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THE FIRST GRAVE IN THE NEW CHURCHYARD AT BROMPTON.
A SINGLE grave! the only one
In this unbroken ground,
Are lingering around.
How utterly alone
Not one familiar tone;
The shade where forest-trees shut out
All but the distant sky;
When the dark winds pass'd by:
My lip has gasp'd for breath;
The solitude of death!
A single grave! we half forget
How sunder human ties,
A gather'd kindred lies.
And watch each quiet tomb;
Solemnity, not gloom :
The place is purified with hope,
The hope that is of prayer;
And pious faith are there.
And many a'stone appears,
Wet with affection's tears.
The golden chord which binds us all
Is loosed, not rent in twain; And love, and hope, and fear unite
To bring the past again. But this grave is so desolate,
With no remembering stone; No llow-graves for sympathy
'Tis utterly alone. I do not know who sleeps beneath,
His history or name; Whether if, lonely in his life,
He is in death the same; Whether he died unloved, unmourn'd,
The last leaf on the bough; Or if some desolated hearth
Is weeping for him now. Perhaps this is too fanciful :
Though single be his sod,
The presence of his God.
But yet its kindliest, best:
It could be less repress'd.
Man closer with his kind;
The music which they find. How many a bitter word 'twould hush,
How many a pang 'twould save, If life more precious held those ties Which sanctify the grave !
CAROLINE E. S. Norton.
THE MOTHER'S HEART.
My eldest-born, first hope, and dearest treasure, My heart received thee with a joy beyond
All that it yet had felt of earthly pleasure;
And natural piety that lean'd to Heaven;
Yet patient of rebuke when justly given: Obedient, easy to be reconciled, And meekly cheerful-such wert thou, my child! Not willing to be left; still by my side
Haunting my walks, while summer-day was dying; Nor leaving in thy turn : but pleased to glide
Through the dark room where I was sadly lying, Or by the couch of pain, a sitter meek, Watch the dim eye, and kiss the feverish cheek. Oh! boy, of such as thou are oftenest made
Earth's fragile idols; like a tender flower No strength in all thy freshness-prone to fade
And bending weakly to the thunder-shower; Still, round the loved, thy heart found force to bind, And clung, like woodbine shaken in the wind ! Then thou, my merry love-bold in thy glee,
Under the bough, or by the firelight dancing, With thy sweet temper and thy spirit free
Didst come, as restless as a bird's wing glancing, Full of a wild and irrepressible mirth, Like a young sunbeam to the gladden'd earth!
Thine was the shout! the song! the burst of joy!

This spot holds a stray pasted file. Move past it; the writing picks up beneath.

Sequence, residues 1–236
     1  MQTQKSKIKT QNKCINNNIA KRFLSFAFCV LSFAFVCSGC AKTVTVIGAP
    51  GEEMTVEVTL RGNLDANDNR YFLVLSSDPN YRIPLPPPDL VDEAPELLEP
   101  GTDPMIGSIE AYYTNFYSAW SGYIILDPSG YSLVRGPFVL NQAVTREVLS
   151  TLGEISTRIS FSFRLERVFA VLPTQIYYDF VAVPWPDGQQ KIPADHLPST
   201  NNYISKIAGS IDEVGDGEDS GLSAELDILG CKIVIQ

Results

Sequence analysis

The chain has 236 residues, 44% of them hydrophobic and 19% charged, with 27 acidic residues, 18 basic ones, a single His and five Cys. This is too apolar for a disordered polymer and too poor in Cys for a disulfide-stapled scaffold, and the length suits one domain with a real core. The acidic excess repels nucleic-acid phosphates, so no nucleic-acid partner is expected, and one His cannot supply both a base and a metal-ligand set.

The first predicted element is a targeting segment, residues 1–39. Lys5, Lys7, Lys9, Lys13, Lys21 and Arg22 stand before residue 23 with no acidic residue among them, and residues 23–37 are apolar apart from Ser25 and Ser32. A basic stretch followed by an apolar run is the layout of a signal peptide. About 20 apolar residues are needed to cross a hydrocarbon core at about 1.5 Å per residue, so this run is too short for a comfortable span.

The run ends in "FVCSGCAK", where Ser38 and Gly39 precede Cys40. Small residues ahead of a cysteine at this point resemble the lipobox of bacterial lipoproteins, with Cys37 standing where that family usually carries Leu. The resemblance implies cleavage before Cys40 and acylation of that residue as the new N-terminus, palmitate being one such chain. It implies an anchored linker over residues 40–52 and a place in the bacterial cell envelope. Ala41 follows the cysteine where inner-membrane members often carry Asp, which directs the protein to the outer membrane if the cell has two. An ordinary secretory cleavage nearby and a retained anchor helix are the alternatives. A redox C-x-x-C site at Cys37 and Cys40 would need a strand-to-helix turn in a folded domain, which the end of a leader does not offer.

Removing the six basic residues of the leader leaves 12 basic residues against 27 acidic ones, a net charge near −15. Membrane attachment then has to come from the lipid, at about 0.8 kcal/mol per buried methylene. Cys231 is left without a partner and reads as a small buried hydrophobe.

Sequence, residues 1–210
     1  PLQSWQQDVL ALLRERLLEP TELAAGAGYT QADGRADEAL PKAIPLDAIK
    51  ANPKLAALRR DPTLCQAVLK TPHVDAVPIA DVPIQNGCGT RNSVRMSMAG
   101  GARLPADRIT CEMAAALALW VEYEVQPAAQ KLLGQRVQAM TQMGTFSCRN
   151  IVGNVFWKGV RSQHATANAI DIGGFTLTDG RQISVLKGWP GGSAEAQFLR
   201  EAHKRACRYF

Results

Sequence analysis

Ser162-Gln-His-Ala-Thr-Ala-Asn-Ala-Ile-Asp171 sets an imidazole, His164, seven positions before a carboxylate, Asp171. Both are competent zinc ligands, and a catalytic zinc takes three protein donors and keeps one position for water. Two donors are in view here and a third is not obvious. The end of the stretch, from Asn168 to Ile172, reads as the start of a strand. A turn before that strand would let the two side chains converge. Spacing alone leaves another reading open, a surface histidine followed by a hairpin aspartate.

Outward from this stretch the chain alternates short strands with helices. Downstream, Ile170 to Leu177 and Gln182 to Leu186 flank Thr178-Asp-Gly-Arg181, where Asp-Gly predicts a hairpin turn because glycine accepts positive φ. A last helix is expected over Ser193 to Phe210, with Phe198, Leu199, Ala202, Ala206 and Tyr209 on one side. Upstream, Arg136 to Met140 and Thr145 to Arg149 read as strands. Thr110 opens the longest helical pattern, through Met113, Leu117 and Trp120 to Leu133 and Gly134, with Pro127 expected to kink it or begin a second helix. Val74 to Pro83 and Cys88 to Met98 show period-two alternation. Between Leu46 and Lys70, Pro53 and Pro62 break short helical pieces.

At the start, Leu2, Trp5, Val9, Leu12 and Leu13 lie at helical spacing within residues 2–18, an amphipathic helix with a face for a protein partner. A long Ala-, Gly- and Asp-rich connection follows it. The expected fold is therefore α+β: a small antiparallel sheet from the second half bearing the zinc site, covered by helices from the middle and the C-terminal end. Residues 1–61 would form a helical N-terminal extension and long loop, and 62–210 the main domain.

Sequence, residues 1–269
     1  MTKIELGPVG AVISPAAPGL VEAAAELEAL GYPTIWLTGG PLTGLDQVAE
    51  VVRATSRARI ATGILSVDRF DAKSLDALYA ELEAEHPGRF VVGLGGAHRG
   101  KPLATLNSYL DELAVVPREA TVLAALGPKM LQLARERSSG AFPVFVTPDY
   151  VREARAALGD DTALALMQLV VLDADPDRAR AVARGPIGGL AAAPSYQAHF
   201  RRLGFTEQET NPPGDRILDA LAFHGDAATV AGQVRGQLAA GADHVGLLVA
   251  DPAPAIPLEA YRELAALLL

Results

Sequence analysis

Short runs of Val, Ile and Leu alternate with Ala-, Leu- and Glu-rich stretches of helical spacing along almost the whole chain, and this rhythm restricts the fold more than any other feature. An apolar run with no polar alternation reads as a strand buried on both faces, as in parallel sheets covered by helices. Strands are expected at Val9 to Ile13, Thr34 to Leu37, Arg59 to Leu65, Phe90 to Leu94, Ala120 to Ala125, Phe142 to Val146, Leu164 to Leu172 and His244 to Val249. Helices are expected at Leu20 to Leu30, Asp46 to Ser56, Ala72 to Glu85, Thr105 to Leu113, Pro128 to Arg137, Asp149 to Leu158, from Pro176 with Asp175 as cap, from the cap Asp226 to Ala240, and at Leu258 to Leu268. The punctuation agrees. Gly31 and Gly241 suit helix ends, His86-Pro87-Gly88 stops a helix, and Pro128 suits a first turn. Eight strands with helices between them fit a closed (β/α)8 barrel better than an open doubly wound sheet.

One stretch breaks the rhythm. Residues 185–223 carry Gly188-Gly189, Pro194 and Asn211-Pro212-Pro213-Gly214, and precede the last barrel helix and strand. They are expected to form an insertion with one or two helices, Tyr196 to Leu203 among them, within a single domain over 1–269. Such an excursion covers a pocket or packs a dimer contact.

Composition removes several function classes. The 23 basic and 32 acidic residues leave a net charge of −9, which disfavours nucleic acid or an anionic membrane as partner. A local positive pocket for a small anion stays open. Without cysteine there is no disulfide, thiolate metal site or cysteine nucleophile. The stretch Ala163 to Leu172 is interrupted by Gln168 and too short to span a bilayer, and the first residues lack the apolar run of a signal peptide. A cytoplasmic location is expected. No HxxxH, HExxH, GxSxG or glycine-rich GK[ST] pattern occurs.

Which sweet from childhood's rosy lip resoundeth; Thine was the eager spirit naught could cloy,
And the glad heart from which all grief reboundeth; And many a mirthful jest and mock reply, Lurk'd in the laughter of thy dark blue eye!
And thine was many an art to win and bless,
The cold and stern to joy and fondness warming; The coaxing smile; the frequent soft caress;
The earnest, tearful prayer all wrath disarming' Again my heart a new affection found, But thought that love with thee had reach'd its bound. At length thou eamest; thou, the last and least;
Nicknamed “the Emperor” by thy laughing brothBecause a haughty spirit swell’d thy breast, [ers,
And thou didst seek to rule and sway the others; Mingling with every playful infant wile A mimic majesty that made us smile :
And oh! most like a regal child wert thou !
An eye of resolute and successful scheming; Fair shoulders, curling lip, and dauntless brow,
Fit for the world's strife, not for poet's dreaming: And proud the listing of thy stately head, And the firm bearing of thy conscious tread.
Different from both! Yet each succeeding claim,
I, that all other love had been forswearing,
Nor injured either by this love's comparing;
JOHN WILSON. 1789-1820.
LINES WRITTEN IN A HIGHLAND GLEN.
To whom belongs this valley fair,
Even like a living thing?
That streamlet's murmuring !
The heavens appear to love this vale;
Or mid the silence lie!
Seems bound unto the sky.
Oh that this lovely vale were mine!
My years would gently glide;
By peace be sanctified. There would unto my soul be given, From presence of that gracious Heaven,
A piety sublime! And thoughts would come of mystic mood, To make in this deep solitude
Eternity of Time!
And did I ask to whom belong'd
Nature's most gracious soul!
Are joint heirs of the whole !